Desperate Trump Can’t Stop the Coronavirus Recession

President Donald Trump won't be able to stop the coronavirus recession because the market has begun to ignore his harebrained stimulus schemes.
Posted in: MarketsOp-ed
March 11, 2020 3:56 PM UTC
  • U.S. stocks resumed their plunge Wednesday as the coronavirus caseload leaps above 1,000 in the United States. Hot spots are developing in Washington, New York and California.
  • The U.S. is now the eighth hardest-hit country in the world – just under Germany, Spain and France.
  • As the situation spirals out of control, many fear that a global recession could be on the way as the coronavirus dampens consumer spending.

The U.S equity markets gave back their Tuesday gains as the coronavirus situation dramatically worsened overnight. American authorities confirmed over 300 additional coronavirus cases bringing the total caseload to 1,010 in the country.

As testing ramps up, many expect the total number of confirmed cases to soar in the coming weeks.

Stocks have been on a roller coaster ride as the Trump administration tries desperately to reassure the markets. The U.S president floated the idea of an outlandish 0% payroll tax rate for the rest of 2020. And many on Wall Street expect the Federal Reserve to cut interest rates to zero.

Desperate Times Call for Desperate Measures

President Donald Trump is pictured at the Conservative Political Action Conference on Feb 29th, an event attended by a coronavirus carrier. | Source: AP Photo/Jose Luis Magana

Trump’s desperate proposal highlights the severity and hopelessness of the situation. It resembles the sort of heavy-handed market intervention one would expect from an authoritarian regime like the Chinese Communist Party or Soviet Russia.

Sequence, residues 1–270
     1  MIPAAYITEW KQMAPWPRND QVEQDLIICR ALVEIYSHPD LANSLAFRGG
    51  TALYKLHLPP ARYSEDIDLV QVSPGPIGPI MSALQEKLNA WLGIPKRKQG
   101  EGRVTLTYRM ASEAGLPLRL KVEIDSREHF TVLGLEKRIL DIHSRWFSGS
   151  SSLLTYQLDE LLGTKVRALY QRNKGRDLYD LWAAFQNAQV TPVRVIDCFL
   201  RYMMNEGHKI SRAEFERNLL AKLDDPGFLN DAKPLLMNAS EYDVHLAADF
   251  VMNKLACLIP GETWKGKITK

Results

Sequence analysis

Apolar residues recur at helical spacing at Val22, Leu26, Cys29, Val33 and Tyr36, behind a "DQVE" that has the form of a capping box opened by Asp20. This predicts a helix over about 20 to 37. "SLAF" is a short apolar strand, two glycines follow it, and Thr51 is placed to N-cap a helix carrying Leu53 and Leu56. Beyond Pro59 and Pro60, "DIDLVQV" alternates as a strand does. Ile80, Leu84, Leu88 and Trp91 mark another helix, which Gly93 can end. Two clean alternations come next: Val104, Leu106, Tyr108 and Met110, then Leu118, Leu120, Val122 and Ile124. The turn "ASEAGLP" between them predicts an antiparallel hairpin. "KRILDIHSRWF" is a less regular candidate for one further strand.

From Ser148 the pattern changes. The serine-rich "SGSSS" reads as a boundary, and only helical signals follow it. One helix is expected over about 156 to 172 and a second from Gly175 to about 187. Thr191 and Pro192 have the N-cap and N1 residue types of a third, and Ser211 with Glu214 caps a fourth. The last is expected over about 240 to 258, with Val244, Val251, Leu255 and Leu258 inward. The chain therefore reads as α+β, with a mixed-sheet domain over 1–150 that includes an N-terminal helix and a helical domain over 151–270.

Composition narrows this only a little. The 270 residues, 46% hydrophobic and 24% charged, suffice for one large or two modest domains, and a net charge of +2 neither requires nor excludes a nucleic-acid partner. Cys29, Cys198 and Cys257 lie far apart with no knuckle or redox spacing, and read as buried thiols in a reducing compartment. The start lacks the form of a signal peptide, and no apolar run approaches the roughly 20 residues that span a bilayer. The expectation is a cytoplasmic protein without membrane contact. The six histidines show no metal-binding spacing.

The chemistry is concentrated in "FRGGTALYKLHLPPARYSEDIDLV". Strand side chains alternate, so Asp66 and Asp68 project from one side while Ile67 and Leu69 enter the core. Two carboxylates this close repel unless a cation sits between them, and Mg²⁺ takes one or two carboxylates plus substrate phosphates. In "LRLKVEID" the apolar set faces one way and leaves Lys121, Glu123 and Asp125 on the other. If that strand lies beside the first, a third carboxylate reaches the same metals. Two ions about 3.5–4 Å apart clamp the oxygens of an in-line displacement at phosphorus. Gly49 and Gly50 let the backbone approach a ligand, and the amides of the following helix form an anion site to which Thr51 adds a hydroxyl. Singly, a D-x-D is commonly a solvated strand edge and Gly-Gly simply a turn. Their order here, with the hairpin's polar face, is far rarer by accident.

Such a harebrained scheme would balloon the national debt and set a disturbing precedent for the country.

Joe Kalish, the chief global macro strategist at Ned Davis Research, suggests Trump’s proposal could harm America’s solvency. He urges Congress to get involved with a solution to the growing economic crisis.

Kalish states the following in a research note:

We need to see meaningful support for economic activity and credit backstops especially for small businesses, not a targeted approach executed only by the executive branch

He elaborates:

We will likely need congressional involvement. This is a potential solvency problem.

The market is likely tanking because investors recognize the implausibility of Trump’s proposed stimulus and simply aren’t taking it seriously. Wall Street looks to cooler heads at the Federal Reserve for a monetary policy response to the crisis, but it isn’t stopping them from selling equity.

Wall Street Expects the Fed to Cut Interest Rates to Zero

Trump is ramping up pressure on the Federal Reserve to cut interest rates and help him stimulate the economy. This comes a week after the central bank enacted an emergency rate cut to slash rates by 50 basis points.

The new benchmark interest rate range is between 1% and 1.25%. But Trump doesn’t think this is good enough.

Source: Twitter

His unhinged rhetoric suggests he wants to force the Federal Reserve to bring interest rates in line with some economies in Europe and East Asia.

The Fed is supposed to be independent, and it is unorthodox for an American president to exert such overt pressure on the institution. But despite Trump’s distasteful tactics, many on Wall Street agree with him and think the Fed should do more to stimulate the economy in the face of the growing coronavirus crisis.

Interest rate futures are pricing in a 51% probability that interest rates will hit the zero lower bound by April. This is based on fears that coronavirus will cause deflation in the U.S. economy.

Wall Street expects a decision at the FOMC meeting on Mar. 18.

If market activity is anything to go by, investors aren’t taking the proposed stimulus seriously.

Stock markets plunged at the start of trading Wednesday, with the Dow Jones bleeding as much as 1,400 points.

The Dow has been tanking since February. Data by ycharts.

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Last modified: June 24, 2020 1:03 AM UTC

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